10 for the fifth year. Students should form their committee, submit a draft of a proposal to their main advisor, and speak to their advisor about the logistics of the defense well in advance of the March deadline. Extensions to the March deadline can be granted when faculty are not available to attend a defense at the end of March; students must have such extensions approved by the Director of Graduate Studies and must have their advisor certify to the Director of Graduate Studies that the extension is needed only because of scheduling conflicts, not because of lack of progress on the part of the student. 4. Graduate Outcomes Assessment The Department each year conducts four assessments of graduate student progress, with results compiled by the department and forwarded to the Graduate School. These assessments give faculty an opportunity to give students formal feedback at key parts of the dissertation process; they do not create additional requirements for students. The first assessment covers the student s Third Year Paper; the second covers the student s dissertation proposal; the third covers a brownbag seminar presentation prior to the student s entering the job market; and the final assessment covers the student s job market packet. Each assessment involves a form, filled out by the student s advisor(s) or the Graduate Director. For example, students submit a Third Year Paper Assessment form to their advisors when they turn in the final version of their third year paper. The advisor(s) fill out the form and return to the student and to the Graduate Director. Similarly, students submit assessment forms to their advisor at the time of their dissertation proposal defense and prior to their brownbag seminar presentation in their job market year. Copies of these forms are available on the department website and from the Graduate Studies Coordinator. 5. The Dissertation The student must write a doctoral dissertation and successfully defend it in an oral examination. The oral examination on the dissertation must be passed within four years of the student s advancement to candidacy. In most cases, the student's advisors will ask for 2-4 weeks worth of additional work following the oral examination before giving their final approval for the thesis. Dissertations must be submitted to the Graduate School in electronic format after final approval by the student's committee. For further details, see the University's Electronic Thesis and Dissertation (ETD) website (dissertations.umi.com/umd) or download the Thesis and Dissertation Publication Form and information sheet available at the Graduate School website ( Because of changes in University requirements, students should not use existing library copies of theses as examples of proper format. 10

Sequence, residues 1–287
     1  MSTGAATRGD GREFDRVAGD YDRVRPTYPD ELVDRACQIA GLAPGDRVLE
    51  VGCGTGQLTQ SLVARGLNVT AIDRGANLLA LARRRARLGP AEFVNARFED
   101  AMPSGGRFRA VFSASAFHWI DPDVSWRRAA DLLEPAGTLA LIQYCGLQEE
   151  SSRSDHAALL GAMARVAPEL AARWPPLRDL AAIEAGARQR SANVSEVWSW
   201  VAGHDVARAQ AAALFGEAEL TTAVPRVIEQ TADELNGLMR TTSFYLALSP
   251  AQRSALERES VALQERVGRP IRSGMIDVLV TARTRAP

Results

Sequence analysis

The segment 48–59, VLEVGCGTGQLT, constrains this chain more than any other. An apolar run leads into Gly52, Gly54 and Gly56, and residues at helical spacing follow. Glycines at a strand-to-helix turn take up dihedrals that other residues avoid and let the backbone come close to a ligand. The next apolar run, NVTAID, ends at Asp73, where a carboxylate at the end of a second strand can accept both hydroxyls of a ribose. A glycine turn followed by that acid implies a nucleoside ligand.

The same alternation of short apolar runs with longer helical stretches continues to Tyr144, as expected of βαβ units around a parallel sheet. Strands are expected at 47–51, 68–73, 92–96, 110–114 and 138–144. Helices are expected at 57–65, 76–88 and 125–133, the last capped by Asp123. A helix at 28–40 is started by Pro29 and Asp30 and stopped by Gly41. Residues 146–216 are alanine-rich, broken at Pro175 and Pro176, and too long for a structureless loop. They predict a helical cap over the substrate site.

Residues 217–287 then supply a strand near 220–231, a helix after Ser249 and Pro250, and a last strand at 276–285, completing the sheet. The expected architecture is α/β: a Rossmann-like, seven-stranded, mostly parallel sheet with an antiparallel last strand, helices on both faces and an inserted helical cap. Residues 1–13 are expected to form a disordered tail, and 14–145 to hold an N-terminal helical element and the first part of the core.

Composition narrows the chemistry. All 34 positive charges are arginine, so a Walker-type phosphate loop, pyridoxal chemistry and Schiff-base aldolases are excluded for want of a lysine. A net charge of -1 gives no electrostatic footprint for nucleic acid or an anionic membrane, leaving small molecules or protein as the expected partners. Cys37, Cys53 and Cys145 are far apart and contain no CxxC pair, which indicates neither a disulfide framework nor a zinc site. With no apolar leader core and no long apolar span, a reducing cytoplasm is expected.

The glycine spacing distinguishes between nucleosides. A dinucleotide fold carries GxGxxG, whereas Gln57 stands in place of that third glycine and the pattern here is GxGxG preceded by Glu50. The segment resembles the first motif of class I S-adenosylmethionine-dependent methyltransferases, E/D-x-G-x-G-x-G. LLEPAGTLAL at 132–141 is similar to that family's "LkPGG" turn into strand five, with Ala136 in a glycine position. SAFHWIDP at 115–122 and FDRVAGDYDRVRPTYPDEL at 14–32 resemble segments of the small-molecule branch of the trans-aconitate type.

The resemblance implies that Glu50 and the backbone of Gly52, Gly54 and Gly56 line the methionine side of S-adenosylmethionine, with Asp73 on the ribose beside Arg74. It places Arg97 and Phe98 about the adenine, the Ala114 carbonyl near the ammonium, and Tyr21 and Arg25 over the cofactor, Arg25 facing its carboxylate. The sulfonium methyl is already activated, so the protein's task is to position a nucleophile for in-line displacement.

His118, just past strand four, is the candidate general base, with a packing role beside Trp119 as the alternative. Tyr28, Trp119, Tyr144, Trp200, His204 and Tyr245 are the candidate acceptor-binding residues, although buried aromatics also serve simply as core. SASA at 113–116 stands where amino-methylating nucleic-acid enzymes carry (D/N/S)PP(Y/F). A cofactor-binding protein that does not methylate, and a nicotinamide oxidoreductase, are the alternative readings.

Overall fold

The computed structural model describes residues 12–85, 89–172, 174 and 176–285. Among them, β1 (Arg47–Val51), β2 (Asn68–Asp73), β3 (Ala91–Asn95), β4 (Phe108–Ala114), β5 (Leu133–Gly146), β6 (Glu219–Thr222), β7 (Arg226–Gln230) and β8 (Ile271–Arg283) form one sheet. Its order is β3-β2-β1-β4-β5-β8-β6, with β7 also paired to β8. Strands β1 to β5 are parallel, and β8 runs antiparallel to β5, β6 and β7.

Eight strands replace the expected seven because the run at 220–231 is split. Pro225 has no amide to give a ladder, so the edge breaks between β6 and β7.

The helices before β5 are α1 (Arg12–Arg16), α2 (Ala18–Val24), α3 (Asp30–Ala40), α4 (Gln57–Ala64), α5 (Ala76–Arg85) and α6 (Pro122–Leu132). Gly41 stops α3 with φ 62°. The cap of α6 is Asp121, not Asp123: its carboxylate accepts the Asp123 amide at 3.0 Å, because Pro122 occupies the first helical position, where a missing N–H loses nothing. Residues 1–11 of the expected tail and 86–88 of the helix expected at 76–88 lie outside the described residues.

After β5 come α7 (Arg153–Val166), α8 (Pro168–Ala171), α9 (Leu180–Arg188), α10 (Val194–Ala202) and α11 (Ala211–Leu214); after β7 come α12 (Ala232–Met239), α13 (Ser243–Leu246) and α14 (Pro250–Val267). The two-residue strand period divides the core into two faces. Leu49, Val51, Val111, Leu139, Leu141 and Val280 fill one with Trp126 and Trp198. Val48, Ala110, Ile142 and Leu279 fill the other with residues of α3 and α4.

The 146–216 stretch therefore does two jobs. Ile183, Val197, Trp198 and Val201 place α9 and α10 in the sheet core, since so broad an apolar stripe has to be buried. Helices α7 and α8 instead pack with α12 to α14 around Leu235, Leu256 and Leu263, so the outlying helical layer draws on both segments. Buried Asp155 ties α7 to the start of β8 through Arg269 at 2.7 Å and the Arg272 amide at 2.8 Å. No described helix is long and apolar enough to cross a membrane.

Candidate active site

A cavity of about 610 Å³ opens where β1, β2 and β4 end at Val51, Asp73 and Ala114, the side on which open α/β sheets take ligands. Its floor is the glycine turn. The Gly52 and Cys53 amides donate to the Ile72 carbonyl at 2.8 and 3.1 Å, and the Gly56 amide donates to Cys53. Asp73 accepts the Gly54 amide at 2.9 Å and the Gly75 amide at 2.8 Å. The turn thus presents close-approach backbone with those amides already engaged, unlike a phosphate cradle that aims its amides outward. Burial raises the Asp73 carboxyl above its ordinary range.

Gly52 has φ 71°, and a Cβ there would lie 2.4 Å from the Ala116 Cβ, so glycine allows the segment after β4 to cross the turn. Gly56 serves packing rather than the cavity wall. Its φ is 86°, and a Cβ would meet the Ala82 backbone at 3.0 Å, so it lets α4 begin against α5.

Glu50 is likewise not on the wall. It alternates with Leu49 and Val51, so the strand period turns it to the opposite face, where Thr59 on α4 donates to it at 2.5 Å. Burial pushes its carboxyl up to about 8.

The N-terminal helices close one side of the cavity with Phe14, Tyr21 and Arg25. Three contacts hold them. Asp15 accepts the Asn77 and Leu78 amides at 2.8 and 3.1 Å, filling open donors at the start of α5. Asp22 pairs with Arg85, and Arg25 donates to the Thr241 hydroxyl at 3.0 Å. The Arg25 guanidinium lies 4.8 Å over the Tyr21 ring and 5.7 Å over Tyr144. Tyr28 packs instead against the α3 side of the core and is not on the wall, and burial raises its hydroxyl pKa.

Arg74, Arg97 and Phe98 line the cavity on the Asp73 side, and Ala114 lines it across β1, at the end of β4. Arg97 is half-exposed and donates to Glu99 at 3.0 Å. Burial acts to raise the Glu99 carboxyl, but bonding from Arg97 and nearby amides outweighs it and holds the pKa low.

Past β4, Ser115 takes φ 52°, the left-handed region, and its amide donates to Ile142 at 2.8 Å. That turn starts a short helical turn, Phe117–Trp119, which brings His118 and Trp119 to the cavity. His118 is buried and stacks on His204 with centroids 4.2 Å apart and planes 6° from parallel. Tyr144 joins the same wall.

11 A graduate student may, upon the recommendation of the dissertation director, and with the endorsement of home department graduate director or chairs, include his or her own published works as part of the final dissertation. Appropriate citations within the dissertation including where the work was previously published are required. All such materials must be produced in standard dissertation format. It is recognized that a graduate student may co-author work with faculty and colleagues that should be included in a dissertation. In such an event, a letter must be attached to the committee form submitted to the Dean of the Graduate School certifying that that the student has made a substantial contribution to that work, and that the inclusion of such work has the approval of the committee chair and the director of graduate studies or department chair. The format of such inclusions must conform to the standard dissertation format. A forward to the dissertation, as approved by the Dissertation Committee, must state that the student made the substantial contributions to the relevant aspects of the jointly authored work included in the dissertation. 6. Dissertation Committee The oral examination on the dissertation must be passed within four years of the student's advancement to candidacy. The oral examination committee is comprised of at least five faculty members, at least three of whom must be regular members of the University of Maryland at College Park Graduate Faculty. Regular faculty members consist of tenured or tenure-track faculty (Assistant, Associate or Full Professors). Each dissertation committee will have a chairperson, who must be a regular member of the Graduate Faculty. Each committee shall have appointed to it a representative of the Dean of the Graduate School. The Dean s Representative must be a regular tenured member (Associate or Full Professor) of the Graduate Faculty and must come from outside the Economics department. If the student s dissertation committee is co-chaired, with one chair from a different department (e.g. Finance), then the Dean s Representative must come from a third department. Individuals from outside the university may serve on the dissertation committee provided their credentials warrant this service. Such individuals must be approved by the Department and by the Graduate School as Special Members of the Graduate Faculty, after being nominated by the student with a supporting letter from the Director of Graduate Studies. Students wishing to have individuals outside the university serve on their committee must notify the Director of Graduate Studies well in advance of their planned defense, to allow time for this approval process. Professors who terminate employment at UMCP remain members of the Graduate Faculty and may chair or serve on dissertation committees for up to twelve months following their termination without going through the Special Member process. Retired professors may also serve on the committee, provided they are members of the Graduate Faculty. 11